Special Report by Elephant Butte Irrigation District
The EBID Board of Directors received a vital litigation update regarding the Special Master’s report entered on July1 in the case of Texas vs. New Mexico. The Special Master was selected by the United States Supreme Court to make recommended decisions to them on the lawsuit involving the Rio Grande Project. Attorney Steve Hernandez, western water law specialist and counsel for Elephant Butte Irrigation District, summarizes the report, “The Master ruled on four motions: he denied the motion by the state of NM to dismiss the case and the case will proceed forward. In his opinion the Special Master notes that he assumes that Texas can prove their case that Rio Grande Project water, which he has also called Texas Compact Water, was intercepted and taken by non-project users and not delivered to El Paso County Water Improvement District (EP1). Texas will proceed forward to prove the amount of water taken and the damages the state of NM should pay. The second motion he ruled upon was the United States’ motion to be an intervener into the case and also present a case against NM officials for not protecting the Project Supply. This was granted and he felt so strong about their claim that he stated that even if the United States Supreme Court overturned his recommendations, then the United States case should proceed forward. In deciding the third and fourth motions, the Special Master denied both EBID and EP1 the right to intervene in the case as a party. However, he made it very clear in his report that he encouraged and would welcome both entities as an Amicus (friend of the court) to advise the Special Master as the case proceeds forward.”
Gary Esslinger, longtime manager of Elephant Butte Irrigation District, says, “The fact that this has been a federal project in operation for over 100 years opens up opportunities for our district to continue to improve water deliveries to our members. Over those 100 years we’ve done a lot to assume many of the functions that the United States used to have here and run a more efficient system. We don’t see that changing, in fact, we think that this is an opportunity to even advance our position in being more independent and working with our members to be more efficient with Project water. The Special Master’s report solidifies this position. Recent litigation with the NM State Engineer objecting to a water conservation project in the Hatch area done in cooperation with EBID members will not encounter the same hurdles with this decision by the Special Master.”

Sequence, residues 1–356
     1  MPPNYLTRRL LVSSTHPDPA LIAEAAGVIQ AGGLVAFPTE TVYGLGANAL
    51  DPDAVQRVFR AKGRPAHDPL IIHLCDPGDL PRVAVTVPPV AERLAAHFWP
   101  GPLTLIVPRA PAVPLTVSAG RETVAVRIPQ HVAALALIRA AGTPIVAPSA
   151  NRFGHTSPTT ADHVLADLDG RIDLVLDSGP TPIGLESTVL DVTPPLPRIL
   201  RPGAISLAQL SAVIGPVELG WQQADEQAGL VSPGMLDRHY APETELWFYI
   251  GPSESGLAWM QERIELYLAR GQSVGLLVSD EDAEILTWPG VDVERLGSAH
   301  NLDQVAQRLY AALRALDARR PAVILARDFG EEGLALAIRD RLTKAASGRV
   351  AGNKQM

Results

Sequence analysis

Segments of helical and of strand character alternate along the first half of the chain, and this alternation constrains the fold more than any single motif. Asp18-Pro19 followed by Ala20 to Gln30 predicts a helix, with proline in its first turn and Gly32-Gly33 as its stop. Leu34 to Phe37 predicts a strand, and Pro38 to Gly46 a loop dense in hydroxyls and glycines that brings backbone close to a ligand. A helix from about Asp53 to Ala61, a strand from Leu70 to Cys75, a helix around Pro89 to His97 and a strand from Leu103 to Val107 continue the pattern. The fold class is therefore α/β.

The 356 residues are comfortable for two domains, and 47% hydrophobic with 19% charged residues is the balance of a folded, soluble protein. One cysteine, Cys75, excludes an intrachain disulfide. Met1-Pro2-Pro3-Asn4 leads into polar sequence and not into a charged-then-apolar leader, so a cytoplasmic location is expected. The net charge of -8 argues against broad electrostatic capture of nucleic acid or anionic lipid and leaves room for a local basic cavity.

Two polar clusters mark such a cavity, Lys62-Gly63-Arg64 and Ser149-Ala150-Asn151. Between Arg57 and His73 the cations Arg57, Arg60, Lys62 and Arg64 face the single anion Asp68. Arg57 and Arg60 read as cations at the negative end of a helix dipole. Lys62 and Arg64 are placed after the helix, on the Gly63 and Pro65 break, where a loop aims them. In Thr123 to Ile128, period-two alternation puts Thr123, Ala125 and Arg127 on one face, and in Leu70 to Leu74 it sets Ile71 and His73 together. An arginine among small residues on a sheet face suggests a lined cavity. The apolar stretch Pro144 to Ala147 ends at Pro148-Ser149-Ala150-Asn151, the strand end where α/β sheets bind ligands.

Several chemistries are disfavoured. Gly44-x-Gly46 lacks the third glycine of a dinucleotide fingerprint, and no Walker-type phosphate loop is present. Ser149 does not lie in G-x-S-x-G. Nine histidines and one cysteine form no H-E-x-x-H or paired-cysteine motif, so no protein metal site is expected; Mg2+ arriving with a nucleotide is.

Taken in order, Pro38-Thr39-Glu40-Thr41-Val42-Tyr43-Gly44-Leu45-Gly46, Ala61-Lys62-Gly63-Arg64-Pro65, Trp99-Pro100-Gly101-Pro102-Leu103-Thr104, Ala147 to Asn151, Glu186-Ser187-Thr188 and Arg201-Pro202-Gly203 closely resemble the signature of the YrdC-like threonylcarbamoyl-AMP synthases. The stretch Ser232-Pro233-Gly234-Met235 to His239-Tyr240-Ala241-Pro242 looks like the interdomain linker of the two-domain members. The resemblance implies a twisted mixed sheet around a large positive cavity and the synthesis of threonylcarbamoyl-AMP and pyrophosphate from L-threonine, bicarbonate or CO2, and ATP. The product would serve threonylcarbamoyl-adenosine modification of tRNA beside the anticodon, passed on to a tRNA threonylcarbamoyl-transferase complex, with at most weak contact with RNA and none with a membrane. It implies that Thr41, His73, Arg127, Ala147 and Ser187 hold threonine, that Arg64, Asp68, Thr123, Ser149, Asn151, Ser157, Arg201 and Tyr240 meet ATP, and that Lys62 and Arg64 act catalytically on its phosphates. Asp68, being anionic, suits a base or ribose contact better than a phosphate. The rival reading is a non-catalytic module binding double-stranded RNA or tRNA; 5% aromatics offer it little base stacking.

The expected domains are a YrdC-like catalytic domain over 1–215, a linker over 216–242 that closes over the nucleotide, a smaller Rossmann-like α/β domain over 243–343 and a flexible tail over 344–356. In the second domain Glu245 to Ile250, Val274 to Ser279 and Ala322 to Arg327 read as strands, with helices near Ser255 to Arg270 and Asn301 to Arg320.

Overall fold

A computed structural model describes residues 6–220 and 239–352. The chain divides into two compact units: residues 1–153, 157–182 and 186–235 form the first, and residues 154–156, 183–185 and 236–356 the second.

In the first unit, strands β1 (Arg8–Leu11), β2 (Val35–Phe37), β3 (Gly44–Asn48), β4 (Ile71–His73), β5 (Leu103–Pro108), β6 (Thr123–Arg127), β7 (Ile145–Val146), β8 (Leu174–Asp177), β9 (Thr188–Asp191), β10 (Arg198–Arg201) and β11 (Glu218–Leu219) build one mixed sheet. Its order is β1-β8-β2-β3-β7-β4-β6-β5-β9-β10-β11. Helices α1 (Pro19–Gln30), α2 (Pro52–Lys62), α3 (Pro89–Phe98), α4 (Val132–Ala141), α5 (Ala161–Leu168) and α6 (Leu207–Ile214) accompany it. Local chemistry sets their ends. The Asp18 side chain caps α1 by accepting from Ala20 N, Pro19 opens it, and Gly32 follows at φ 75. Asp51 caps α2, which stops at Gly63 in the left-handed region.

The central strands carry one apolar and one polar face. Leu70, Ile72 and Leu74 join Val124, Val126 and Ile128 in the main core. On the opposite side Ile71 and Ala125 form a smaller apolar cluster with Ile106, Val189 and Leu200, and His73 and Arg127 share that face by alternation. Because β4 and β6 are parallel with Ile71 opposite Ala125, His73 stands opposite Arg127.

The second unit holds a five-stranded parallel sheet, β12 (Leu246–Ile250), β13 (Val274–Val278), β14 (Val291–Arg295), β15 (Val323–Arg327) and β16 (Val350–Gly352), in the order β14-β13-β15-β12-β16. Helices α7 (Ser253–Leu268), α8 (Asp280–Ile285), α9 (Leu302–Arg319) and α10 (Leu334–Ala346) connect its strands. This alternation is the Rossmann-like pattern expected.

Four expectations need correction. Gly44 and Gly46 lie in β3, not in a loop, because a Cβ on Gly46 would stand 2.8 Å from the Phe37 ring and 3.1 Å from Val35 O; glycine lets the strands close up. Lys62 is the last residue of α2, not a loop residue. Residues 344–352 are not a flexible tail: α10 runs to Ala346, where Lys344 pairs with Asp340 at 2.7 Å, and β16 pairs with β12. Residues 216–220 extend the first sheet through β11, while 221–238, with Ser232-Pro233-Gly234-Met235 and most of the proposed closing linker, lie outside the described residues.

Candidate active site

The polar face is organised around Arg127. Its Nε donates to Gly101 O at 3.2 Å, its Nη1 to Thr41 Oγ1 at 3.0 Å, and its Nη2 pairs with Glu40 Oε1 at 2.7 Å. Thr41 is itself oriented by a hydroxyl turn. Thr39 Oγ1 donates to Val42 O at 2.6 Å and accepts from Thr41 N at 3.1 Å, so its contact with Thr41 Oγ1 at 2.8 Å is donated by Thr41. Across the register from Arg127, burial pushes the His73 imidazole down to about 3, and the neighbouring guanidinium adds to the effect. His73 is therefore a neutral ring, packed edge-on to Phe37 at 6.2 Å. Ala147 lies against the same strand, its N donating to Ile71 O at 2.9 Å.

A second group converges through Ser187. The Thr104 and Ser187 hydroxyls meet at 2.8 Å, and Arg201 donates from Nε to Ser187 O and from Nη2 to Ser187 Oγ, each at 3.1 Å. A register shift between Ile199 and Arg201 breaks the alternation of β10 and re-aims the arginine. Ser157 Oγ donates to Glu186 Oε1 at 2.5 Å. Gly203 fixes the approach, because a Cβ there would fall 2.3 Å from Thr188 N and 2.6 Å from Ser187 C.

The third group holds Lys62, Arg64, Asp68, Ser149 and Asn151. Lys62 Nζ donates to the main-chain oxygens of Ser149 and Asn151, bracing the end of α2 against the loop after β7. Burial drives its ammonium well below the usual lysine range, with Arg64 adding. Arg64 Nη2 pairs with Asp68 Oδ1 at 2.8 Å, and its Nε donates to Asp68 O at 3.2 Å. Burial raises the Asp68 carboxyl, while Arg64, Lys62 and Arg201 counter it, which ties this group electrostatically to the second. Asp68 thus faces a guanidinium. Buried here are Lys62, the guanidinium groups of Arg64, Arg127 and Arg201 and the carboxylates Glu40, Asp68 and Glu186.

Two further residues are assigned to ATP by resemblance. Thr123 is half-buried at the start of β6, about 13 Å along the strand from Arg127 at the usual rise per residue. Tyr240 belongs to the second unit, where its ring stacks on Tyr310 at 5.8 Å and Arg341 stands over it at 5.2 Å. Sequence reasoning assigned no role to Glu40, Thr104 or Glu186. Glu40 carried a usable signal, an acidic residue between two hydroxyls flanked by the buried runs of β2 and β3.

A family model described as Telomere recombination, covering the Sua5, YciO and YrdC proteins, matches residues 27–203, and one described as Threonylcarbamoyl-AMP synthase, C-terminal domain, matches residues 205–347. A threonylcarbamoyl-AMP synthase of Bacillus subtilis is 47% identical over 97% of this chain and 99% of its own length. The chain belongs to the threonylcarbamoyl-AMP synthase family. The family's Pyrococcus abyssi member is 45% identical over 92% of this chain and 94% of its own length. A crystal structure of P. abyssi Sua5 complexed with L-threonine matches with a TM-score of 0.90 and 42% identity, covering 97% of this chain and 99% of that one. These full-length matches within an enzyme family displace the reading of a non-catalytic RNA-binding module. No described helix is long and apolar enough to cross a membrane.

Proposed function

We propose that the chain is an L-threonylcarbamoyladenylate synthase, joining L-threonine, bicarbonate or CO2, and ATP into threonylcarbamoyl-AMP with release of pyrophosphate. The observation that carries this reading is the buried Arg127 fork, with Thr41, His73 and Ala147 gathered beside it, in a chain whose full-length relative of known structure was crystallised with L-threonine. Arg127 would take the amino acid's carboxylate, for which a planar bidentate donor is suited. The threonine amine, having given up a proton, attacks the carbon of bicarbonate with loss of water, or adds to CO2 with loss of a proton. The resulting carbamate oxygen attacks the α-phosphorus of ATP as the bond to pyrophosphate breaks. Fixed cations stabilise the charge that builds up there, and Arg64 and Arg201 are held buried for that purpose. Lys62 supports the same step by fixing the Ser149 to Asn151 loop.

While the report is not final until the Supreme Court affirms it, the Special Master is assuming they will and is proceeding forward with a scheduling conference on August 11 to map out how the parties are going to proceed to trial. Hernandez says, “We still have an opportunity within the next 30 days to bring forth further explanation to the Special Master of why EBID still should be granted Intervenor status and we will be pursuing that.”
In fact the Special Master has issued a case management order setting forth the new schedule:
1 – He has invited corrections to facts or misstatements of law in his report to be submitted to him within 30 days. He will look at them and decide whether or not to change anything in his opinion. At that point he either accepts or not then sends his report on to the Supreme Court.
2 – When the Supreme Court receives the ruling, they then ask for a period of time where the parties can file exceptions, which are appeals to the report. It then continues through the Court’s procedural process; they can choose to affirm the report as is and ignore the exceptions or ask the parties to come and argue their exceptions. In the interim, the Special Master is proceeding forward with this case and planning for the parties to go to trial.
3 – EBID and EP1 can ask the Supreme Court to reconsider their status as Intervenors instead of Amicus, or friend of the court, who provides additional insight through participation in the case as it proceeds. EBID attorney Lee Peters sees this as an opportunity to make certain the Special Master understands the facts about how EBID moves Project supply through NM which consists of not only EBID member’s water, but that of EP1 and Mexico. This may solidify why the district should be an intervener in the case.
Esslinger says, “This ruling confirms what EBID has warned the water community could happen when the Attorney General of NM sued to overturn a 2008 Agreement with EP1 and the United States Bureau of Reclamation over the allocation and delivery of Project Supply. When Texas initiated this lawsuit, EBID aggressively started to look for a way for non-EBID members to obtain Project Supply to offset their taking of water from the Project through their well pumping.”